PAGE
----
A: We have created the housebreaking program because we see a growing need and want to help meet that need. The housebreaking advice that is out there…is good advice BUT I think that we can (and should) add to it and improve it. 

Over the last 25 to 30 years obedience training and behavior modification have made great leaps and bounds forward, improved, and saved many lives because trainers challenged old methods and advice, modified it to meet the changing world, and sought out better/healthier ways to train dogs (and their humans). 

Ive built the WTD housebreaking program as a standalone service because I think that the best way to help dog owners who are experiencing difficulty with housebreaking is to go into the home (because that is where the dog spends most of his time), and take a specific look at the individual lifestyles, varying daily routines and schedules, habits, etc. This could make a big difference in whether or not dogs stay in their original home. The only thing that dog owners are more concerned about than obedience and behavior… is urine and feces destroying their floors, carpets, and furniture. 

What if all we need to do to help dog owners is to go into the home, take a look at their specific living situation, habits, and schedules, and then help them make a detailed plan that they can follow to make housebreaking successful? 

An important side note:

If you are having trouble with housebreaking it is not because your dog is intentionally being stubborn or because he is not capable of being trained.

Going potty WHEN-ever, and WHERE-ever they are is a natural INSTINCT. What we are really trying to do when we housebreak a dog or puppy, is to change this INSTINCT. An Instinct is an action or behavior that is done naturally, without thinking about it. In this case your dogs brain is wired to instinctually "squat and go." So, we are changing this INSTINCT by helping him make several associations about when and where he is supposed to go potty, and when and where he is not supposed to go potty, etc. While some dogs make these associations quickly and easily, others  may need more direction and more time, which is both normal and natural. Your dog was born with this instinct, then for 8 weeks or more this instinct continued to be completely normal and natural for him. There is no forcing an instinct to change, and there is no rushing it, but we can help your dog by making it easier for him to learn by taking a look at his (and your) enviroment, schedule, living situation, and current habits, to see what we can do to encourage healthy associations.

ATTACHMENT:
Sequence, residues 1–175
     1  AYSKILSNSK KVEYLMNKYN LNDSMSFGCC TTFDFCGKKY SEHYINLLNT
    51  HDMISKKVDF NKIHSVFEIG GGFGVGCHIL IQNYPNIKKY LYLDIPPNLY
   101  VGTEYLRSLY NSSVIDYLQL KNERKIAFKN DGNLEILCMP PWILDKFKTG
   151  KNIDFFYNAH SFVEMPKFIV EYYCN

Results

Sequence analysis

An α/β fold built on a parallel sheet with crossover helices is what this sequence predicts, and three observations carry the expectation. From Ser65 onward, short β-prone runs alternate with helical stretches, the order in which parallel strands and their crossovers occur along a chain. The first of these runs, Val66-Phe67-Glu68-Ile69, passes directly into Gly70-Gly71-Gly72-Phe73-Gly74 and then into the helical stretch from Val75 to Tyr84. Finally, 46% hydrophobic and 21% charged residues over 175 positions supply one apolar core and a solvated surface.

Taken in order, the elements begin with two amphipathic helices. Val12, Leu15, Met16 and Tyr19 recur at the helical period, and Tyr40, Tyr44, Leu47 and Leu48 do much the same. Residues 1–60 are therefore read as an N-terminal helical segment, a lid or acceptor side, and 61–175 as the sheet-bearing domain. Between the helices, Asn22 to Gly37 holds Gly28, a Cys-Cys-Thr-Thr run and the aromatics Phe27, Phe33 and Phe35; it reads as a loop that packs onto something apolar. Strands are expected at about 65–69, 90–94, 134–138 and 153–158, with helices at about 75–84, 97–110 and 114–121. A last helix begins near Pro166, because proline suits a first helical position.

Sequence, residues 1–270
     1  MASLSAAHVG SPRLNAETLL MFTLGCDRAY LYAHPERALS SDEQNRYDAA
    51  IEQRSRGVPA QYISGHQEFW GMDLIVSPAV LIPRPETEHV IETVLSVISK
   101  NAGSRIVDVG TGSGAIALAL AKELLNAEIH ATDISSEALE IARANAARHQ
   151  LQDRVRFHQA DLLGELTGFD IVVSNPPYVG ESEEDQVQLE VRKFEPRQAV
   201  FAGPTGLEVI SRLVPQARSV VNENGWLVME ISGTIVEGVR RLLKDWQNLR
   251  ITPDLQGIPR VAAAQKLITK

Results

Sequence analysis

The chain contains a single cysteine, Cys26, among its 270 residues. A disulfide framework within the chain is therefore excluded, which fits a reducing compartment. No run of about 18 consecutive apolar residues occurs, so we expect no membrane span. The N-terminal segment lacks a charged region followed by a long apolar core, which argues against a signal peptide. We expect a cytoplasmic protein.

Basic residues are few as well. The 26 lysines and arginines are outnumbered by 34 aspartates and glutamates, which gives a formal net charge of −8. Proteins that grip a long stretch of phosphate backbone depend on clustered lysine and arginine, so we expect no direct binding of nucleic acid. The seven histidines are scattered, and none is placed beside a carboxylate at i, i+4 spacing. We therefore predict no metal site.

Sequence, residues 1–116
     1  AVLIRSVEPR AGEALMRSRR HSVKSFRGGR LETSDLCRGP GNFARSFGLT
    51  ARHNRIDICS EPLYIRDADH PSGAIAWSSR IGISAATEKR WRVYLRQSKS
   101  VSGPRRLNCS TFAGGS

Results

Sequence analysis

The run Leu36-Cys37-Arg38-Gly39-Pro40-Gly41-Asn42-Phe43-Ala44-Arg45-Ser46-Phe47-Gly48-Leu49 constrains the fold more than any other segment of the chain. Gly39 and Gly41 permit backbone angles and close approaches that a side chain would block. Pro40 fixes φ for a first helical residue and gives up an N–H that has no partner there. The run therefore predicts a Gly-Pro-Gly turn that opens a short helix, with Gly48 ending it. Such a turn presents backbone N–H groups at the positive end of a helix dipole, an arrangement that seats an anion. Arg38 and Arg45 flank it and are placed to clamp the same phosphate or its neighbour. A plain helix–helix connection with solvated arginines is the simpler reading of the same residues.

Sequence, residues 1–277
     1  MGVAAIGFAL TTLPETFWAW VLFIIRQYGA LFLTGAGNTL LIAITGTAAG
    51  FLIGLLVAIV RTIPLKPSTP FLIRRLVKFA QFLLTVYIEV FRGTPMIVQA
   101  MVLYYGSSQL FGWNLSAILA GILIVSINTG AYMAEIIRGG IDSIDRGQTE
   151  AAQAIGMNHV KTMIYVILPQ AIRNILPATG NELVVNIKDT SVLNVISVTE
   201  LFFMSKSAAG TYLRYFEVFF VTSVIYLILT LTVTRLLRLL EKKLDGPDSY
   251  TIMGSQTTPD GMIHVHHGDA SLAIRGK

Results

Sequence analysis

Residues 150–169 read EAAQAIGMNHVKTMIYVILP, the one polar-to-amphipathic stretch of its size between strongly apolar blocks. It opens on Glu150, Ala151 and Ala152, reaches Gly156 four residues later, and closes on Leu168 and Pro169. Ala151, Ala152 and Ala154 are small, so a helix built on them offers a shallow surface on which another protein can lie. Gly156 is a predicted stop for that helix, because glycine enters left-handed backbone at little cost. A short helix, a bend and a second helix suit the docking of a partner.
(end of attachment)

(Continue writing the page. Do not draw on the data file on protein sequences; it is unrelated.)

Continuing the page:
Q: Why do you offer two daily walks or home visits with the housebreaking program? 

A: WTD offers 2 walks or home visits because it can go a long way toward helping a puppy or dog to stay clean and dry (not eliminate in the house or kennel), if we offer them more scheduled opportunities to go potty outside during the day, especially if you work from 9 to 5, every weekday. If your puppy doesnt get opportunities to go potty outside for several hours each day, it will be harder to help him make associations about holding it, and only going potty outside. Unfortunately, most puppies and dogs who are starting house training cannot and will not hold it for more than 2 to 4 hours at a time, so why not help them learn by offering them the opportunity to go outside to potty. This ensures that there are not lapses in training.

Q: Why is the WTD housebreaking program 6 weeks long, and will it really take 6 weeks?

A: The WTD Housebreaking program is 6 weeks long because it can take 1 to 4 weeks to get through the inital stages where we problem solve, set your puppy or dog up for success, and work on getting your puppy to start staying clean and dry. Then, in the following weeks we continue to keep him on the plan that is working for him so that he doesnt go right back to eliminating in the house or kennel. 

The goal of the WTD housebreaking program is to provide training advice and SUPPORT during potty training… because sometimes housebreaking is more difficult than we thought it would be. 

Wild Things Training & Gear, LLC